Quite simply, using a Realtor’s lockbox makes it easier for both agent and seller to sell the house. A recent C/NET article names the top five smart locks, and there are probably triple that number on the market today. How many manufacturers’ smart lock apps can an agent be expected to keep on his or her phone? How many invite and temporary access codes from different sellers can an agent be expected to keep track of, and how well is he or she going to do at matching sellers with invite codes with apps? The effect of having to keep track of apps and codes is like the agent having to carry around a giant, unwieldy, industrial key ring. It makes the agent’s job that much harder.
Using a home automation system also will cause the seller unanticipated inconvenience. Every time an agent needs access to a home, the owner will be on the receiving end of a phone call asking for an access code. The seller could be taking a bath, be at a romantic dinner, on an airplane, or out camping; that phone call will come again and again. And what if the seller has turned off his or her phone and is simply not available? The agent cannot get in, and the property will not be shown. The whole reason for the lockbox concept is to let the agent get in and out without bothering the owner; using home automation turns that on its head.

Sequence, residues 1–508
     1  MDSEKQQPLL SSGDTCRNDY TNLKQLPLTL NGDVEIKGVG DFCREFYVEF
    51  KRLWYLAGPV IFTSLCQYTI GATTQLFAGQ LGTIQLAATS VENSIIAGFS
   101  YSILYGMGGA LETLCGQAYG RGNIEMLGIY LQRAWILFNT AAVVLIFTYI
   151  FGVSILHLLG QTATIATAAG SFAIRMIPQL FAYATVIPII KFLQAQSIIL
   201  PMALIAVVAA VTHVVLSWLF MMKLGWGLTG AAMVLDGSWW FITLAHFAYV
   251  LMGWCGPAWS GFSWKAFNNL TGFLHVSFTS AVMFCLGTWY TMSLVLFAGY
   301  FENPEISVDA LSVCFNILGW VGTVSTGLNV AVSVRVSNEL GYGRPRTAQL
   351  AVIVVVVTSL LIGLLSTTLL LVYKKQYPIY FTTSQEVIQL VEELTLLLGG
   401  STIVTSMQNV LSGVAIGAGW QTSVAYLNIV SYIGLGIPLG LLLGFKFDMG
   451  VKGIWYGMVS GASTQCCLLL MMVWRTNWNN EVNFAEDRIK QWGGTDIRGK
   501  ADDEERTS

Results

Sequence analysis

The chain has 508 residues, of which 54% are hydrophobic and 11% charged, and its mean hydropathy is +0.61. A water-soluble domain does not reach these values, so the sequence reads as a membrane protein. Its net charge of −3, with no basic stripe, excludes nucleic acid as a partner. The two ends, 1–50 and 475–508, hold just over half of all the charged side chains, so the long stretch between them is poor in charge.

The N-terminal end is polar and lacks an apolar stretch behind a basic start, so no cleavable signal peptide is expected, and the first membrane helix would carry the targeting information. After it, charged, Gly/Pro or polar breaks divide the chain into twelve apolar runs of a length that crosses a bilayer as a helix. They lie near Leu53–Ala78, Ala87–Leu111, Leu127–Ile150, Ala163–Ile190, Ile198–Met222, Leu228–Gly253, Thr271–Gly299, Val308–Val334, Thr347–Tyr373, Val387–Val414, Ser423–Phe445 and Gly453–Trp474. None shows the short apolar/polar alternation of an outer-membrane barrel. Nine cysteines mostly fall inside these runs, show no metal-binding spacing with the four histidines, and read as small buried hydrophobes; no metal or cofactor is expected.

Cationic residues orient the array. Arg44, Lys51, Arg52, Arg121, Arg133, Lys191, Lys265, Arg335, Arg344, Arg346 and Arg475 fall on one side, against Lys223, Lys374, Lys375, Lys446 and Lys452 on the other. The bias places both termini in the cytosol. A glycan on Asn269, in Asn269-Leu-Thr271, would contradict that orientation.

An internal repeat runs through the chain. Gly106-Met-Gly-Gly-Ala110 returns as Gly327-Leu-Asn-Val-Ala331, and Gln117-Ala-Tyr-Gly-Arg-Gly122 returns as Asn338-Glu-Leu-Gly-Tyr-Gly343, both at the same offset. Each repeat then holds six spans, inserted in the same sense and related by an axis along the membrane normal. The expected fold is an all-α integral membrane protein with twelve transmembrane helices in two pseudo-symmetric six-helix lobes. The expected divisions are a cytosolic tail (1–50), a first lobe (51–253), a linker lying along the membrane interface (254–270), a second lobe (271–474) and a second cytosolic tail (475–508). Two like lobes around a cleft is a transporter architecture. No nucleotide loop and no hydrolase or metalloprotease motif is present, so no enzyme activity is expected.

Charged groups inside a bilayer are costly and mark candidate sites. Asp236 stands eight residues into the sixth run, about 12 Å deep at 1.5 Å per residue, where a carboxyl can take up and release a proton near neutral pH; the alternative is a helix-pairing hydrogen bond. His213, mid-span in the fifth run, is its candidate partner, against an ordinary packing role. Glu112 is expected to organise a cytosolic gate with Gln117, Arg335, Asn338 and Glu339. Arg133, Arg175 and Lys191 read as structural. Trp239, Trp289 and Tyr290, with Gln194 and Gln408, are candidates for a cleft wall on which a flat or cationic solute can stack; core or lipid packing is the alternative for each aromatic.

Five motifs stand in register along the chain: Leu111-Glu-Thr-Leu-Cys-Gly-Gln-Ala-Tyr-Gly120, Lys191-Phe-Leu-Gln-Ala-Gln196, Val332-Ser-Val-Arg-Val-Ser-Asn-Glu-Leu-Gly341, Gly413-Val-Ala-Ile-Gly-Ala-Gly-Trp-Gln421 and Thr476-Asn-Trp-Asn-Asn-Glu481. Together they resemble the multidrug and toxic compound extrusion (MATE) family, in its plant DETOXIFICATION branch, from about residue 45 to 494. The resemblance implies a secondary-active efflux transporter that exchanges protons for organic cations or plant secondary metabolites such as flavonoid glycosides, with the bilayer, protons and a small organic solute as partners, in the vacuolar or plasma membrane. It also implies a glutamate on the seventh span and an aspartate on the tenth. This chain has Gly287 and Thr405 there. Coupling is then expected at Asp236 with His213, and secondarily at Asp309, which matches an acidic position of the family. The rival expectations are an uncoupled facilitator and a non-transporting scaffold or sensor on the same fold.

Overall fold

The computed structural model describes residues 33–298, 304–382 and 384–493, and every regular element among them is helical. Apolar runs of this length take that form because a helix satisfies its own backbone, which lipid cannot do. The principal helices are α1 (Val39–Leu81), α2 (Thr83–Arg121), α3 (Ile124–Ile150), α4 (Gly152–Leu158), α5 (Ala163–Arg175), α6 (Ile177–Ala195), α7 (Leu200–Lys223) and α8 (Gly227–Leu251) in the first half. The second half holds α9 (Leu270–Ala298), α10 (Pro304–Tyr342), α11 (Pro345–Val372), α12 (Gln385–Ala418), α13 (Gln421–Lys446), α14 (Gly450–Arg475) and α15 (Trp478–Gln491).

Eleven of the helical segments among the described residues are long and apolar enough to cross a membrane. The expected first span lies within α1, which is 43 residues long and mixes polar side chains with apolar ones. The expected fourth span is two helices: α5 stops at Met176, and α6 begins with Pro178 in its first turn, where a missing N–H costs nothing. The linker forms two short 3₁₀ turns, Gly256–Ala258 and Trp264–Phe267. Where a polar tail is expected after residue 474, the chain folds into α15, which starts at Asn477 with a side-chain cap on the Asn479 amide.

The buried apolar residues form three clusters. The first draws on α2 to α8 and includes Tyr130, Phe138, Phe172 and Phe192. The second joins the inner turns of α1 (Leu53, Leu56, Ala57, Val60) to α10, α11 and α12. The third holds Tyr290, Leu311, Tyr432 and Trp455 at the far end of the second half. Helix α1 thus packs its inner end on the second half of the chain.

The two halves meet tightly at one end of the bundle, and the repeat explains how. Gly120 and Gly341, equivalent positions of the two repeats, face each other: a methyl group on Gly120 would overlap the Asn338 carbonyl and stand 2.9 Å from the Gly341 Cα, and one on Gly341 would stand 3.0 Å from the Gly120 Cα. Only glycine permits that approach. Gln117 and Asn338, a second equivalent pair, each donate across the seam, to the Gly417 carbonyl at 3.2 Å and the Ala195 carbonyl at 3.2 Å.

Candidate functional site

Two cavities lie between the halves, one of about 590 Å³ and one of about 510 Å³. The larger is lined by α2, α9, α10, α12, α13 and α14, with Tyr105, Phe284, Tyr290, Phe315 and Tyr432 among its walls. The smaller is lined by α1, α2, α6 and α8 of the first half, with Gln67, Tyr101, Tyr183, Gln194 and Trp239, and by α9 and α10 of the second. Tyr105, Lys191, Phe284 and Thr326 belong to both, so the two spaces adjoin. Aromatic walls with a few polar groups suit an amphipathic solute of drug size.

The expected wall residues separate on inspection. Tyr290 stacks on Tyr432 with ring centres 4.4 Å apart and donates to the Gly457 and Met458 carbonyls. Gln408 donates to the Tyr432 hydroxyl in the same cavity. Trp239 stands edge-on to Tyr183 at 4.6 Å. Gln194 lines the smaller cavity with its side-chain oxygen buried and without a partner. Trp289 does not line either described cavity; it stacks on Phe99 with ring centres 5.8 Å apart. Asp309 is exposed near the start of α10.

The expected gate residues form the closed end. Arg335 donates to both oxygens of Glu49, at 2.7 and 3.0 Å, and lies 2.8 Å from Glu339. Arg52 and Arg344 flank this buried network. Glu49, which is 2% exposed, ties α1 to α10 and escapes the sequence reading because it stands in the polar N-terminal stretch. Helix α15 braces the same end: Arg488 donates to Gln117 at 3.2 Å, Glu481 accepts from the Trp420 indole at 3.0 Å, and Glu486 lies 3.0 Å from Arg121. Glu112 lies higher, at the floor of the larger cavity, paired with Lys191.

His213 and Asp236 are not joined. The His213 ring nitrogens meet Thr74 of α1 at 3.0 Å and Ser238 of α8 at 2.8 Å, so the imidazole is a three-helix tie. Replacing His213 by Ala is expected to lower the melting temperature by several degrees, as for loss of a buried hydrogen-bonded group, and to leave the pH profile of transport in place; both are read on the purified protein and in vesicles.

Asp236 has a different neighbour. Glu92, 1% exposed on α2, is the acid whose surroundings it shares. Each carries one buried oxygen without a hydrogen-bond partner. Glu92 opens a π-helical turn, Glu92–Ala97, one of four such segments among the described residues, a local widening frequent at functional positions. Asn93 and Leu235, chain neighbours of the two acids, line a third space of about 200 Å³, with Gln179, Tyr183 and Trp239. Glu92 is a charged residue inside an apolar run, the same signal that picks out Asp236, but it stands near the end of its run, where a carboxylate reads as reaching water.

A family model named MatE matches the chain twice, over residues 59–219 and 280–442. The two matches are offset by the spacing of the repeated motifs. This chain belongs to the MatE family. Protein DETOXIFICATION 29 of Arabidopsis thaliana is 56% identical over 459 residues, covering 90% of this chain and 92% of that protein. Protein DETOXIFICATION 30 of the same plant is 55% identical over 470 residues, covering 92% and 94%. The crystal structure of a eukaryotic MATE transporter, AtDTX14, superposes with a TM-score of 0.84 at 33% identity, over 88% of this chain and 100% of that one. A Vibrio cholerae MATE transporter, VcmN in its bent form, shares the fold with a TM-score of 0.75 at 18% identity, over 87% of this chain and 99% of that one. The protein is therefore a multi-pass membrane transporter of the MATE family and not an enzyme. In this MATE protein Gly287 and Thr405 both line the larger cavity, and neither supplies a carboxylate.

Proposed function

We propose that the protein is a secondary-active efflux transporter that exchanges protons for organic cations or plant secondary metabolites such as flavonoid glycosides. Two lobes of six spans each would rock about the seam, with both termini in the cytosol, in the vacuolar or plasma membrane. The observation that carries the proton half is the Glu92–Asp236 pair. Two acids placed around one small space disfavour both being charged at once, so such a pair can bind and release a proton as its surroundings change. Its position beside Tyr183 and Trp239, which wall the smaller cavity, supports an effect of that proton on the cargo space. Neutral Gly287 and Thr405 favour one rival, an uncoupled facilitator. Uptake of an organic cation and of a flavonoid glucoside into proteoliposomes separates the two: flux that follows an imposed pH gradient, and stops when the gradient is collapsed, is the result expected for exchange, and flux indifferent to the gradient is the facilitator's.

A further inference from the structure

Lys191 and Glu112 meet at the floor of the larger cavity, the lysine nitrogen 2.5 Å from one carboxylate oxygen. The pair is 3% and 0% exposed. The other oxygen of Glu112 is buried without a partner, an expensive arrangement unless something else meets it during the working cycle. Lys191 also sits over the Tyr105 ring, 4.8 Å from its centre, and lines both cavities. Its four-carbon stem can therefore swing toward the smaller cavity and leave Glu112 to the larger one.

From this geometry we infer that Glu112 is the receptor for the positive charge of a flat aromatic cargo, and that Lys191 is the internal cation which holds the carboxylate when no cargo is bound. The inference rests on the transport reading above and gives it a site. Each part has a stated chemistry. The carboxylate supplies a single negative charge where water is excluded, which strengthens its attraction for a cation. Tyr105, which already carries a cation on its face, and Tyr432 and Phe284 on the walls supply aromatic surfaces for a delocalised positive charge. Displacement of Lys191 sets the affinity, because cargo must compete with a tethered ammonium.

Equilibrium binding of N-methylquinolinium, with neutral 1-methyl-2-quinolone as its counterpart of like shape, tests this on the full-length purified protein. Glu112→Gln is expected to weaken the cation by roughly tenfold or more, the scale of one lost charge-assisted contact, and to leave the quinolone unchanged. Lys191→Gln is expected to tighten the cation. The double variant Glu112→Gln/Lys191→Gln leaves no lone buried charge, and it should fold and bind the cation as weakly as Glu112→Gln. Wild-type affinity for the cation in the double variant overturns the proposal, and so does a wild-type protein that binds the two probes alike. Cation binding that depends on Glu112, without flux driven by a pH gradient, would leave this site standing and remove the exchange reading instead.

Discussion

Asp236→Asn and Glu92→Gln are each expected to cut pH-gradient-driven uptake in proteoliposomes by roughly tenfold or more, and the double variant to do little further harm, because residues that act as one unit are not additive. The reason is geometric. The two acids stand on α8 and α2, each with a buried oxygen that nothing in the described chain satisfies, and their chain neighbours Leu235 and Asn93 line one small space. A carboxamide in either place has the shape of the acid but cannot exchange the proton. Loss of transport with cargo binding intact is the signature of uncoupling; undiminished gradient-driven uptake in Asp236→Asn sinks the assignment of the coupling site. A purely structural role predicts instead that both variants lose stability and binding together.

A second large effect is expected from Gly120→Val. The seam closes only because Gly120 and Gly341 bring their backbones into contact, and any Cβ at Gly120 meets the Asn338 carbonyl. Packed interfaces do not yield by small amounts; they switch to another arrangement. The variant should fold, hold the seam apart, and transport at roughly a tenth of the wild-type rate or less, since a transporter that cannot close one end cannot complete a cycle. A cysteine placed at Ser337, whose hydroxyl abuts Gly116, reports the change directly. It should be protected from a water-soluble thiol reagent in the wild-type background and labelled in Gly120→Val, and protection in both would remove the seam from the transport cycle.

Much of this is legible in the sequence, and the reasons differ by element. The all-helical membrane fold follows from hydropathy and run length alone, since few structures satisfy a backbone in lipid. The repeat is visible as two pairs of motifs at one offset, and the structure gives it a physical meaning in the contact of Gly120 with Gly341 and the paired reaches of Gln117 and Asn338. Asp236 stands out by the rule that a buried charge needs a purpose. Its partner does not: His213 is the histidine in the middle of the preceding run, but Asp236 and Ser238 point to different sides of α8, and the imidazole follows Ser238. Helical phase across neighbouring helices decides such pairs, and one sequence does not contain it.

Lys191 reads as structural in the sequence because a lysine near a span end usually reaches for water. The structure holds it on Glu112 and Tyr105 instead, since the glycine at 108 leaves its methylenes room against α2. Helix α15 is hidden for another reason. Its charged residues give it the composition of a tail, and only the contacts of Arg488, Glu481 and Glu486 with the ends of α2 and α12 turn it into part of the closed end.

When it comes to real estate lockboxes, the value proposition for the seller relative to home automation and security systems is still is not as strong as it could be. But the state of the art in lockboxes is progressing and, while there are challenges ahead, the lockbox vendors have no intention of letting them slide into obsolescence.